Ssangy­ong Musso Rebel

What Car? - - Comparison -

List price inc VAT


List price ex VAT

£23,745 EVEN IF YOU’VE heard of Ssangy­ong, you prob­a­bly know the South Korean man­u­fac­turer for build­ing cheap and cheer­ful mod­els that look a bit, well, dif­fer­ent. But like the an­i­mal the Musso is named after (it’s Korean for ‘rhino’, if you’re won­der­ing), you’ll un­der­es­ti­mate the com­pany’s new pick-up at your peril, be­cause in many ways it’s re­ally quite good.

Be­cause it’s based on the Rex­ton SUV, the Musso ben­e­fits from a num­ber of fea­tures that are usu­ally lim­ited to more lux­u­ri­ous main­stream cars. For ex­am­ple, its in­te­rior is a cut above those of al­most all of its ri­vals, fea­tur­ing plenty of soft-touch plas­tics and switches that are well damped and even quite sat­is­fy­ing to use. There’s also loads of space in the front and back, a bright and re­spon­sive in­fo­tain­ment sys­tem and no short­age of stan­dard equip­ment, in­clud­ing heated and cooled leather seats.

It’s a hushed en­vi­ron­ment, too. Pick-ups, by their very na­ture, are usu­ally loud and agri­cul­tural, but the Musso is al­most serene in com­par­i­son with most. Its 2.2-litre diesel en­gine re­mains smooth and sub­dued even un­der hard ac­cel­er­a­tion, while it sim­ply fades into the back­ground at a cruise. And be­cause the front end has been bor­rowed from the Rex­ton, it also ben­e­fits from steer­ing that feels more like a reg­u­lar SUV’S than a tra­di­tional pick-up’s; in other words, it’s ac­cu­rate, light and pleas­ingly di­rect.

How­ever, the Musso is not im­mune from faults – far from it. Firstly, to max­imise space in­side, Ssangy­ong has com­pro­mised on the size of the load bed, re­sult­ing in by far the short­est one here – some­thing you might find re­stric­tive.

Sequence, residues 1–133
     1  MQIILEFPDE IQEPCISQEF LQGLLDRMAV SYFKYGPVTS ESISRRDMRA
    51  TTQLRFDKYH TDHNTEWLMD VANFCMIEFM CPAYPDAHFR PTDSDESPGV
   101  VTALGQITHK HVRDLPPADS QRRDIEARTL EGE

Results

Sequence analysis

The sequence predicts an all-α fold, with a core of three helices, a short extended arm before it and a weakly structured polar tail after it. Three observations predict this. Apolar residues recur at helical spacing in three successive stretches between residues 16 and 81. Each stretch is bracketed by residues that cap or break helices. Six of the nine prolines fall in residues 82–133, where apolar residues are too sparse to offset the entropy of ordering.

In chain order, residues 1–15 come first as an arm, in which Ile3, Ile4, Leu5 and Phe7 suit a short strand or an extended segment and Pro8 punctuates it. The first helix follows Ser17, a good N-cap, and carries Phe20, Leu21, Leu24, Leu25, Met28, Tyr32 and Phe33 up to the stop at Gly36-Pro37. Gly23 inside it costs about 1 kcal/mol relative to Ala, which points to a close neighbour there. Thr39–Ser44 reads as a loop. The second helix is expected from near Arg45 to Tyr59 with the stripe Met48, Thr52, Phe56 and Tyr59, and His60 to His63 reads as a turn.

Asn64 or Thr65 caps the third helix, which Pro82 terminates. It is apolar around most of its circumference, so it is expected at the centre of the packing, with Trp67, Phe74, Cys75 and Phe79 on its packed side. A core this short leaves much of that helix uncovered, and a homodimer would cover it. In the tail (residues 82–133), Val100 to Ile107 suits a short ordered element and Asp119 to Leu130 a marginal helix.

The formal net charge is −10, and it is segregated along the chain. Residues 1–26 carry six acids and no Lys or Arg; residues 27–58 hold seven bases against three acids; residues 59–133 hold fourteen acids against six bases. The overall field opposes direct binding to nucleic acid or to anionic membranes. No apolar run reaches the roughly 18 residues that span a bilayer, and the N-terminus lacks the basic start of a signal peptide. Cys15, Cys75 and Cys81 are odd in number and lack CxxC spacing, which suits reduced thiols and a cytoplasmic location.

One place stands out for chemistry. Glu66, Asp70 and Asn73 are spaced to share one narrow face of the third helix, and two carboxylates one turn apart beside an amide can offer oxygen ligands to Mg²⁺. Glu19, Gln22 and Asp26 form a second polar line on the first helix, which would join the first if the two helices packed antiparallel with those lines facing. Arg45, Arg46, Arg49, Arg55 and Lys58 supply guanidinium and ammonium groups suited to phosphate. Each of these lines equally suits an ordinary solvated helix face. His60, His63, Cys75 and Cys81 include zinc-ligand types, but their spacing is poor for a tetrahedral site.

Sec­ond, the Musso has the least com­fort­able ride of all our pick-ups. The ex­tra-stiff rear sus­pen­sion needed to give the Musso its im­pres­sive load-haul­ing abil­ity causes it to shimmy and shud­der over the small­est of im­per­fec­tions. A heavy load in the bed calms things down some­what, but the shud­der­ing through the body never re­ally goes away.

want your pick-up to be us­able day to day, and that’s where the Hilux falls down.

Its in­te­rior is rel­a­tively nar­row, while space for rear seat pas­sen­gers is poor; only the L200 and Full­back are worse in this re­spect. And while the in­te­rior feels rugged enough to cope with the rigours of work­ing life, the ma­te­ri­als don’t look pre­mium enough for a pick-up at this price point.

But where the Hilux re­ally falls be­hind the pack is in its on-road driv­ing man­ners. As we men­tioned ear­lier, the Hilux can deal with huge weights in its bed, but this re­quires rear sus­pen­sion that’s su­per-stiff, caus­ing the rear end to be­come very bouncy over speed bumps and along rough roads. Thank­fully, a heavy load in the bed does won­ders for the ride, but you’ll still have to put up with the clat­tery 2.4-litre diesel en­gine and an old-school six-speed au­to­matic gear­box that slurs heav­ily be­tween shifts.

Musso’s steer­ing is well weighted and ac­cu­rate, but its on-road man­ners are un­der­mined badly by a stiff, un­com­fort­able ride

1 1 The in­fo­tain­ment’s 8.0in touch­screen is re­spon­sive, sharp and rel­a­tively in­tu­itive 2 2 The Musso feels sur­pris­ingly plush in­side, thanks to a good spread of soft-touch plas­tics 3 3 Vis­i­bil­ity is ex­cel­lent, thanks to a high seat­ing po­si­tion and wide, up­right win­dows

970mm 1505mm 700mmBEST REAR SPACE Load bed size has been sacri ced for ex­tra in­te­rior space, which is the best here, with acres of head and leg room; it’s wide, too

970mm 1525mm 1070mm BEST FRONT SPACE

1 1 The in­fo­tain­ment sys­tem looks and feels af­ter­mar­ket, with slow re­sponses to in­puts 2 2 Lots of hard plas­tics are in ev­i­dence here, but they feel durable enough 3 3 Hilux has the high­est driv­ing po­si­tion of the bunch for a com­mand­ing view of the road

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